7. Jira/Atlassian (Team Productivity and Software Development Tool)
Built to help software developers handle their project management, Jira sees significant use by Agile teams to help with project management. Specific tasks are put into cards on the software, which are then assigned to employees for them to work on during a “sprint.”
Each employee has six “swim lanes” for cards to track their progress: Planning, Ready, In Progress, Internal Review, Acceptance, and Done which are used to track the progress on that task from beginning to end. As cards move from lane to lane, everyone on the team can see where each card is and how work is progressing.
Also Read: Jira Service Desk Alternatives
Top Tools for Remote Workers to Boost Security
Many of the challenges businesses faced were related to systems that were created based on a shared space. Shared space meant meeting rooms, meant casual and informal interactions, meant supervision, and the ability to check in with a team, and a shared space meant control over security, both physical and logical.
Much of the security concerns stem from users now logging in from remote locations without strict security controls in place, nor with a mind for those controls. Let’s take a look at some of the more common security concerns and the tools available to mitigate them.
1. Brute Force Attacks on VPNs – Using credential stuffing, hackers pound VPNs with as many user names and login credentials as they can until they find one that works and gains them access to your network. The explosion of users on VPN made this an extremely attractive avenue for hackers.
2. Phishing Attacks – A hacking favorite, this requires one of your workers to click on a malicious link in an email or other messaging app. The link downloads malware onto the user’s computer which then enables access to the computer, the network, and possibly more.
3. Multi-factor Authentication Bypass Attack – Similar to phishing attacks, this relies upon workers who are unfamiliar with using this kind of layered security as they’ve been working on premises. It offers a login screen for a known application and then takes the user’s credentials to log on to a system enabling access and escalation.
4. User Negligence/Awareness– Perhaps one of the greatest threats is the simple negligence of the workforce. As many are used to using devices provided by a company that has antivirus installed and are provided with in-office security protocols, that’s just not the case when we work from home. Many use unprotected networks, and unauthorized devices, work in locations that may not be secure, and more. All of these pose threats to data security and network access.
Security Enhancement Tools
Obviously, there are multiple concerns regarding remote work and IT security. While your best defense is to create a culture of security in your workplace, and hopefully one already exists, there are also tools on the market that can help mitigate some of the larger concerns.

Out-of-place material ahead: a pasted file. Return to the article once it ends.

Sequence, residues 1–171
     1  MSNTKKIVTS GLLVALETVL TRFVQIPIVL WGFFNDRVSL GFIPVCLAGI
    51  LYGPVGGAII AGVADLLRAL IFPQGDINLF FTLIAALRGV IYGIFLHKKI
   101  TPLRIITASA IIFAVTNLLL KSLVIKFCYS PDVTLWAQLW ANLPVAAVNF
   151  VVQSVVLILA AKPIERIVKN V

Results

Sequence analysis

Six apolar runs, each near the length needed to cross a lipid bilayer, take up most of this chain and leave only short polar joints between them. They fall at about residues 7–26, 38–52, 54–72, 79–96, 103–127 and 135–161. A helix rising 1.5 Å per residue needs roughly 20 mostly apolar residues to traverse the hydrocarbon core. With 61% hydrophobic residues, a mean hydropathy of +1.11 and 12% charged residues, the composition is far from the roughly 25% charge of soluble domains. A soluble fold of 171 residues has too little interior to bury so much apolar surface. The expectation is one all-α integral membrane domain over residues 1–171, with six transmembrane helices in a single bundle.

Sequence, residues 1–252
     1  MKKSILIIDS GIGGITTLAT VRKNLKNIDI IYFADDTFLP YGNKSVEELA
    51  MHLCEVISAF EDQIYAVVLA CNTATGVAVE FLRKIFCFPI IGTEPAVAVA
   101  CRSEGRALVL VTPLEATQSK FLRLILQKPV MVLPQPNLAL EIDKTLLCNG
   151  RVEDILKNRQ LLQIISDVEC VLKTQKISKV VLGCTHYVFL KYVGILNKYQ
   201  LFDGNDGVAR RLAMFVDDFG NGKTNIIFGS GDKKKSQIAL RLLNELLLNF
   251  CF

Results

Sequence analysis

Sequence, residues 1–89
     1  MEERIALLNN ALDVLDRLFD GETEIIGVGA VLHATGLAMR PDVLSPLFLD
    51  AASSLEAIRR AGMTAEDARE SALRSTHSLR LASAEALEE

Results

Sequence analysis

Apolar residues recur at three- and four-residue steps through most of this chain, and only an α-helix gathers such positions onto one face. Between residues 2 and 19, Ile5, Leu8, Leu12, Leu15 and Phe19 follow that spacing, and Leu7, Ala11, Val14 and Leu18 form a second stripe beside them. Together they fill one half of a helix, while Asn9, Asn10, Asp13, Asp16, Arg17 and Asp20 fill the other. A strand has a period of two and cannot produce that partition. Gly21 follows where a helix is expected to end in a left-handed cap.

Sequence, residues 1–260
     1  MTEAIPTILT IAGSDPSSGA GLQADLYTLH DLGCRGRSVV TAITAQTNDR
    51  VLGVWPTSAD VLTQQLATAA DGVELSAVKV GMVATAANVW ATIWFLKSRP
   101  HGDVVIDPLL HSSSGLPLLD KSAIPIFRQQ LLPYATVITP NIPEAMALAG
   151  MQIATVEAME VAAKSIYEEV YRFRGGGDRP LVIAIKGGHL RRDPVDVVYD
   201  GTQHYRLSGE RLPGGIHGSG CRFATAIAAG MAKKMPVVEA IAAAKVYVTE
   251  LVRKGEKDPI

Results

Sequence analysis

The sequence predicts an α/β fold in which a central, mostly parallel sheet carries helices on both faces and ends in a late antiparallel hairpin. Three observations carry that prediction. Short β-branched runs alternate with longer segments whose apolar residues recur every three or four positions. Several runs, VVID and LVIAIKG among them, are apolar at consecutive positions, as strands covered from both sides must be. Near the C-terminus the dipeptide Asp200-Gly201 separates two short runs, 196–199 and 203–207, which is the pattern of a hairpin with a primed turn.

1. Password Management Tool– The common element among nearly every security concern listed above has to do with password security and controls. Because many companies have their employees using numerous cloud-based applications—each with its own password and login information, employees may opt to reuse a password or use overly simplistic passwords. One tool that enables employees to use more complex passwords is a password management application.
In fact, password managers, like Dashlane, 1Password, and LastPass, can create unique, high-strength passwords and remember them for various websites and applications, making it so users only have to remember one password instead of thirty.
2. Require Anti-Virus Software– There are a variety of ways viruses can spread through a network with the potential of shutting down applications and systems, corrupting data, or worse. One of the easiest ways to mitigate this risk is to require all end users, regardless of whether they use a Mac or PC, to have virus software installed and properly updated. Tools such as SplashtopSOS or LogmeinRescue allow your IT team to access an employee’s computer remotely so they can install or assist with updating virus software.
3. Comprehensive Data Security– While not necessarily a tool, the first element of this is a data security governance policy that informs your entire team of the protocols regarding handling data and documents, particularly those that contain sensitive information. Again, having established a culture of security in place will ensure adherence to the protocols set forth in this document. However, should additional data security be needed, there is an extensive list of data security software on the market to add additional layers of security as needed.
4. Security Awareness Training- Again, one of the biggest challenges to remote work security is the end user themselves. While having a data security governance policy in place is a great start, training your employees on security threats and mitigation reinforces the need for such policies. While an IT team can certainly put together a presentation, a comprehensive training plan, developed by IT security professionals and trainers, like the one offered by Knowbe4 can provide your team with the knowledge they need to help prevent the human errors that can lead to data breaches and security issues.
How Colocation Data Centers Can Ease the Challenges of a Remote Workforce
While a myriad of tools, applications, and services exist to help mitigate the risks, partnering with a data center is also a great option. Not only does it afford other advantages, but colocation can also provide your team with considerable security advantages. Colocation means you get all of the security protections the data center offers on top of your own security measures.